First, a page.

Asked  7 Months ago    Answers:  5   Viewed   36 times

When I define this function,

template<class A>
set<A> test(const set<A>& input) {
    return input;
}

I can call it using test(mySet) elsewhere in the code without having to explicitly define the template type. However, when I use the following function:

template<class A>
set<A> filter(const set<A>& input,function<bool(A)> compare) {
    set<A> ret;
    for(auto it = input.begin(); it != input.end(); it++) {
        if(compare(*it)) {
            ret.insert(*it);
        }
    }
    return ret;
}

When I call this function using filter(mySet,[](int i) { return i%2==0; }); I get the following error:

error: no matching function for call to ‘filter(std::set&, main()::)’

However, all of these versions do work:

std::function<bool(int)> func = [](int i) { return i%2 ==0; };
set<int> myNewSet = filter(mySet,func);

set<int> myNewSet = filter<int>(mySet,[](int i) { return i%2==0; });

set<int> myNewSet = filter(mySet,function<bool(int)>([](int i){return i%2==0;}));

Why is c++11 unable to guess the template type when I put the lambda function directly inside the expression without directly creating a std::function?

EDIT:

Per advice of Luc Danton in the comments, here is an alternative to the function I had earlier that does not need the templates to be passed explicitly.

template<class A,class CompareFunction>
set<A> filter(const set<A>& input,CompareFunction compare) {
    set<A> ret;
    for(auto it = input.begin(); it != input.end(); it++) {
        if(compare(*it)) {
            ret.insert(*it);
        }
    }
    return ret;
}

This can be called by set<int> result = filter(myIntSet,[](int i) { i % 2 == 0; }); without needing the template.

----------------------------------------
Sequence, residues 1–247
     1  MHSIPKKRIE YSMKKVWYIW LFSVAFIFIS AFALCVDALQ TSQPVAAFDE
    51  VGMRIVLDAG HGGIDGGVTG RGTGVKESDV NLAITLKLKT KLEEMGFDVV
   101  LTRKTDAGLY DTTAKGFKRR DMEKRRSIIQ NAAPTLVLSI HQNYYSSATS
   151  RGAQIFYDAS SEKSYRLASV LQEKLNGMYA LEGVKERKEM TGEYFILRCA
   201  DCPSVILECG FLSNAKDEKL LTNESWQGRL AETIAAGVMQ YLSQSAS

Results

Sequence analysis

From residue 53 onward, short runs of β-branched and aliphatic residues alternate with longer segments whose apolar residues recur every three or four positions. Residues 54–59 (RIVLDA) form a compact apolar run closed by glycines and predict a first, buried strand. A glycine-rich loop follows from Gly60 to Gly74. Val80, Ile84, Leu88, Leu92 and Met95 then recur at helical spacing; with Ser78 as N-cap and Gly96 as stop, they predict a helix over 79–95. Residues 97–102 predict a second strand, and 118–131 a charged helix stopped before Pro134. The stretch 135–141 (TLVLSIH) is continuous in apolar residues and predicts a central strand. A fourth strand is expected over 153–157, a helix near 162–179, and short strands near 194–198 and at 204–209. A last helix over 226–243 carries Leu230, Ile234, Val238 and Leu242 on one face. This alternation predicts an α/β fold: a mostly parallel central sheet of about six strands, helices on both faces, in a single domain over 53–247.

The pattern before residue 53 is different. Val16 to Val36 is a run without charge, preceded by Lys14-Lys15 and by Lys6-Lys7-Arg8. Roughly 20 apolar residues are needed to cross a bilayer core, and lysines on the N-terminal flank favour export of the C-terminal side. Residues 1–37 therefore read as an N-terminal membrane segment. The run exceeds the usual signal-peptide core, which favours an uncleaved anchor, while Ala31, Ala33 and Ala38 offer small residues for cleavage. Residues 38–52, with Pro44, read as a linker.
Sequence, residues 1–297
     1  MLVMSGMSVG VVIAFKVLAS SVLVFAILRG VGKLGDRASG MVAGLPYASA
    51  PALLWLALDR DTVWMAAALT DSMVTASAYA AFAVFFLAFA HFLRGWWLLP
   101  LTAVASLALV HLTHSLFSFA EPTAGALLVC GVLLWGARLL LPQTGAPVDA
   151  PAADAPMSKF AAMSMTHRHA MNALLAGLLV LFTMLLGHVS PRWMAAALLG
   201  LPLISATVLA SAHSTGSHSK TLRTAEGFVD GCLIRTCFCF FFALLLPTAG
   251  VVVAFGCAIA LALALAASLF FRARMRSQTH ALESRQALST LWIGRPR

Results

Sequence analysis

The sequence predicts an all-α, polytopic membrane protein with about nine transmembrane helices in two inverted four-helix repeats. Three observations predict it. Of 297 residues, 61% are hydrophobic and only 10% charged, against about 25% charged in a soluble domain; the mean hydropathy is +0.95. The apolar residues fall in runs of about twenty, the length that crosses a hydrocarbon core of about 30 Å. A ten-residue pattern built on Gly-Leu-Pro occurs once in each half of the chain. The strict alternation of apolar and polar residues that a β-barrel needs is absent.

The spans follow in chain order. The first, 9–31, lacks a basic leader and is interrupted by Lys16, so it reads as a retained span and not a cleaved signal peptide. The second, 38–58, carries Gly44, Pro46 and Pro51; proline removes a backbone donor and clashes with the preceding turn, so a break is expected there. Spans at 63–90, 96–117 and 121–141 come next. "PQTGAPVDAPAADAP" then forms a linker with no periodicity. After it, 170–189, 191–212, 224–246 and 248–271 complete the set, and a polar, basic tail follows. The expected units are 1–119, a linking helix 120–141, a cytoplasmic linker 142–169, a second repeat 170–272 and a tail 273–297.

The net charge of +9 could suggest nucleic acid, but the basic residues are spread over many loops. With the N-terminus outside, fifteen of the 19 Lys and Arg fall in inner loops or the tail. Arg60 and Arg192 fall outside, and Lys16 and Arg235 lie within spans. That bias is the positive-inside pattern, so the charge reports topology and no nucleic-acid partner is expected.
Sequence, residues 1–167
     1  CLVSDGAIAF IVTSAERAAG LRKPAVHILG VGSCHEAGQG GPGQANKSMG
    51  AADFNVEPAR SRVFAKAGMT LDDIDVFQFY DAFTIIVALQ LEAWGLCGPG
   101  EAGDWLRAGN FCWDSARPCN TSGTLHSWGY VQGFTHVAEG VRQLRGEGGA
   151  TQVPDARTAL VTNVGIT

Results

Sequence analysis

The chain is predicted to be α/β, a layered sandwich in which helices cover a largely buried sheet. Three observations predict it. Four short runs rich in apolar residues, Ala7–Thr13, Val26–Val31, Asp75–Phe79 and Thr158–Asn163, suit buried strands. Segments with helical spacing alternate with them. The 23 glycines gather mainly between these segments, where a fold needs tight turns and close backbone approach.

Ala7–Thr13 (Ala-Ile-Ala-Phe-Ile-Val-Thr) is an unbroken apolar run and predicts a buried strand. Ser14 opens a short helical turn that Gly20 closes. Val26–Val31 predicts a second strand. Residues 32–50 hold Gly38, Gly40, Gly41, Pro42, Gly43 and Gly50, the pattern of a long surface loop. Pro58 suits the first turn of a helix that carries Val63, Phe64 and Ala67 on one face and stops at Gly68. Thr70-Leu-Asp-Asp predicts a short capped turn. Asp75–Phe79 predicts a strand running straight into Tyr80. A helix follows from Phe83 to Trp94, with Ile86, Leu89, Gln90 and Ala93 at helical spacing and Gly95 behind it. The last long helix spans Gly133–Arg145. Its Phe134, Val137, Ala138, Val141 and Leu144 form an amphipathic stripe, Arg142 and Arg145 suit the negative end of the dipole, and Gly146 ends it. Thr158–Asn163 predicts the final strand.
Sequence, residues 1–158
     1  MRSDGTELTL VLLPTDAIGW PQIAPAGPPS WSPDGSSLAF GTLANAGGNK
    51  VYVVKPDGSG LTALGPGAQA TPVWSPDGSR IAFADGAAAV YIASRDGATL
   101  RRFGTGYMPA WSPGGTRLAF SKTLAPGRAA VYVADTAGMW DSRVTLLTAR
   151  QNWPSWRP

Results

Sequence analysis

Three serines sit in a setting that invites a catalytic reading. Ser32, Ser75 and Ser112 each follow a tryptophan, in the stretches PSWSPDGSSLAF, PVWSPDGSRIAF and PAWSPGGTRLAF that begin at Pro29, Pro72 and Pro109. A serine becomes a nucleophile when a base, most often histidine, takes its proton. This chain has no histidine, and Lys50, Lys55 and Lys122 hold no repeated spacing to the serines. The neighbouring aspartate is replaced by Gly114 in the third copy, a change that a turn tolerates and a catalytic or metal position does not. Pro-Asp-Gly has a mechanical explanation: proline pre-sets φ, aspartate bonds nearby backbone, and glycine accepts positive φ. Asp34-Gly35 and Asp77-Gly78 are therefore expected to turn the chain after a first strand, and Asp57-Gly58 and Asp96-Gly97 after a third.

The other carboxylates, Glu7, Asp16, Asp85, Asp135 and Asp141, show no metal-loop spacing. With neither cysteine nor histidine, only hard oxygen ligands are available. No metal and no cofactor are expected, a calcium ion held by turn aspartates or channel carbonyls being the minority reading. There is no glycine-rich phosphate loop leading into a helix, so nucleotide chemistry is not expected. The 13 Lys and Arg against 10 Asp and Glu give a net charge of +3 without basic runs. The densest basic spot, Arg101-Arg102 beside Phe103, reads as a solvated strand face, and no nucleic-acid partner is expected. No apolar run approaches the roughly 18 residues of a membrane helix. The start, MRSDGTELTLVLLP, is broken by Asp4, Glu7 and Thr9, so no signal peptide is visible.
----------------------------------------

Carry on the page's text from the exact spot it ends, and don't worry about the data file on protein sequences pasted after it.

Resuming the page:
The compiler can even guess the return types to some extent, using the new decltype keyword and using the new function return type syntax. Here is an example that converts a set to a map, using one filtering function and one function that generates the keys based on the values:

template<class Value,class CompareType,class IndexType>
auto filter(const set<Value>& input,CompareType compare,IndexType index) -> map<decltype(index(*(input.begin()))),Value> {
    map<decltype(index(*(input.begin()))),Value> ret;
    for(auto it = input.begin(); it != input.end(); it++) {
        if(compare(*it)) {
            ret[index(*it)] = *it;
        }
    }
    return ret;
}

It can also be called without using the template directly, as

map<string,int> s = filter(myIntSet,[](int i) { return i%2==0; },[](int i) { return toString(i); });

 Answers

24

The issue is on the nature of lambdas. They are function objects with a fixed set of properties according to the standard, but they are not a function. The standard determines that lambdas can be converted into std::function<> with the exact types of arguments and, if they have no state, function pointers.

But that does not mean that a lambda is a std::function nor a function pointer. They are unique types implementing operator().